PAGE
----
Another day, another Mark Cuban blog post on sports and media. (See my previous take on Cuban’s post on ESPN’s Twitter Problem here) For Sportology, this is like Christmas. Yesterday, Cuban questioned the role and the need for various types of traditional media (and some of the emerging non-traditional media too). You can and should read his whole post here.
Cuban already noted that he liked Dan Shanoff’s take, in which Shanoff summed it all up with the punchline:
That’s it. It’s that simple. Getting paying customers into the arena. (Maybe, to a lesser extent, getting them to watch the local broadcast, because that audience links directly back to advertisers that want a relationship with the Mavs. Either way: It’s about money.)
I’m actually going to disagree a little with Shanoff, because it’s about much more than ticket sales.
Ticket sales is a proxy for revenue. If anyone has proven that he knows how to sell tickets, it’s Mark Cuban. Before Cuban bought the team, the Mavericks were a trainwreck of a franchise and under Cuban has enjoyed an NBA-longest run of sold out games. Ticket sales is already at close to capacity, or as close to capacity as one could expect. The delta between total ticket revenue and total possible ticket revenue isn’t big enough for Cuban to question sports media.
(On a side note, Cuban will LOVE when the group buying companies get into selling excess inventory for last minute sales. When Groupon Mobile let’s Dallas area buyers know that rarely available Mavericks tickets are actually available for $5 or $10 an hour before tipoff, the Mavericks will never have an empty seat again. Goodbye excess inventory forever.)
I think Cuban is really talking about the media as a middle man. And to better articulate that point, I’m going to re-quote Washington Wizards/Capitals owner Ted Leonsis from one of my earlier blog posts on the role of social media in sports:
I think it’s something that [the Washington Post] need[s] to internalize: that we’re our own media company. I announce things on my blog. I get 40 to 90,000 people coming to my blog, depending on the subject. I have a direct, unfiltered way to reach our audience now, and I think that harnessing that is what you have to do as ownership, because we are media brands. We’re in the subscription business. We call them season-ticket holders. We’re in the sponsorship business. We’re in the same business [as The Post].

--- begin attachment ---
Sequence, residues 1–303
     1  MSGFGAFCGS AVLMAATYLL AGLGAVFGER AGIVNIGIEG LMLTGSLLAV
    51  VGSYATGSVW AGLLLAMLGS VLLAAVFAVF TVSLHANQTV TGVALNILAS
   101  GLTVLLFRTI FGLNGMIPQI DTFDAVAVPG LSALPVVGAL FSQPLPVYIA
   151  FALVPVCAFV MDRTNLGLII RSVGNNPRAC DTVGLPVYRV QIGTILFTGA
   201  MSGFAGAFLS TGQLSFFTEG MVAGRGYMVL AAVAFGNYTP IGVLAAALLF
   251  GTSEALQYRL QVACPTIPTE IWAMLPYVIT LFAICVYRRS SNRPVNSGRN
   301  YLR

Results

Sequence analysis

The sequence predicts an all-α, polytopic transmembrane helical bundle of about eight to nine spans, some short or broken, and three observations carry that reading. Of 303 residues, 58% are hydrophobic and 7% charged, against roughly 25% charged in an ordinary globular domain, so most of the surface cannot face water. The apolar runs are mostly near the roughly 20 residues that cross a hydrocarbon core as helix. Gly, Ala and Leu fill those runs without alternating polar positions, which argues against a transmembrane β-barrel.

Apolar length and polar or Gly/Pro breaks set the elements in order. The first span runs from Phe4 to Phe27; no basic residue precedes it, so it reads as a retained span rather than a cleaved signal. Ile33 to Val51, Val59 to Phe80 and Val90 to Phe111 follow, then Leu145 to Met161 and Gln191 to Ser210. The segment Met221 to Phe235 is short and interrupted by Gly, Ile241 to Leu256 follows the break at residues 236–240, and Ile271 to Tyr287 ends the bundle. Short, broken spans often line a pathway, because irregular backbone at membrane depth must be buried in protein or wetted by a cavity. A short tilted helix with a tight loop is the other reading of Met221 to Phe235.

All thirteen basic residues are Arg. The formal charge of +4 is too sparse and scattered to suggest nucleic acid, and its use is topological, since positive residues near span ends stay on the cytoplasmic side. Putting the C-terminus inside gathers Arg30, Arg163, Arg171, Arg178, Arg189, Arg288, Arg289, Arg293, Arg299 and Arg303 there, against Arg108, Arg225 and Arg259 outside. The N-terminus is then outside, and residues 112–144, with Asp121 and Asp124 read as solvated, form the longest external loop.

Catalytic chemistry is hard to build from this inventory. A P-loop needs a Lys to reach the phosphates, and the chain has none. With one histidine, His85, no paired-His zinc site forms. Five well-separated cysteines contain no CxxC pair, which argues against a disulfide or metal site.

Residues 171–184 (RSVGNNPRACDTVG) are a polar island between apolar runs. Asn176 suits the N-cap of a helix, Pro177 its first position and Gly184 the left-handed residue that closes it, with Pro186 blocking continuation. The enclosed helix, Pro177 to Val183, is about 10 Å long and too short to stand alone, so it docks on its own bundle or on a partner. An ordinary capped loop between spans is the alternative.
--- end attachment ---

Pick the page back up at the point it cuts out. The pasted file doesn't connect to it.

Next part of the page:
I’d say if any two owners in sports understand this, it’s Cuban and Leonsis, the only Internet executives as sports franchise owners.
The Mavericks are already a content producing machine. A media company of it’s own. Why let the “traditional media” come in and create the narrative and take the page views and attention?
Cuban’s point is that, today, there is still a large enough number of “customers” who get their primary news from newspapers and television, call them the traditional media sources. Let’s call that number of customers X. Whereas Y is the number of “digital natives” who get their news from Twitter and only end up on a traditional media site if someone shared a link to it. The Y’s don’t need or use traditional news sources. Older people die, increasing the percentage of digital natives. Television and the Internet continue to converge, reducing the numbers of traditional media customers. Social Web use is skyrocketing, increasing the number of digital natives. The number X is dropping rapidly while the number Y is growing equally rapidly.
When Y is sufficiently bigger than X, the Mavericks can just harness the content they are already producing and become their own media channel more explicitly. Players Tweeting, YouTube videos from the locker room, there’s more than enough content and headlines being generated organically from Mavericks owned resources that the media as middle man becomes irrelevant. They generate spammy headlines to generate traffic of their own because the real content is the game itself and the number of points Dirk scored last night and the Mavericks don’t need any help getting that message out. Why let the local news get page views and attention when the Mavs could easily set up MavsContentHere.com and create viral, social interaction out of their own existing social content? They can keep the ad revenue and control the narrative (to the degree possible). What’s more likely to generate ticket sales and revenue for the Mavs? Salacious, trollish trade rumors or a Tweet from Dirk?
We’re still early in this massive shift, so this will continue to play itself out over the coming years. As we continue to talk about here at Sportology, not enough owners understand this and not enough people in the sports media world understand how vulnerable they are.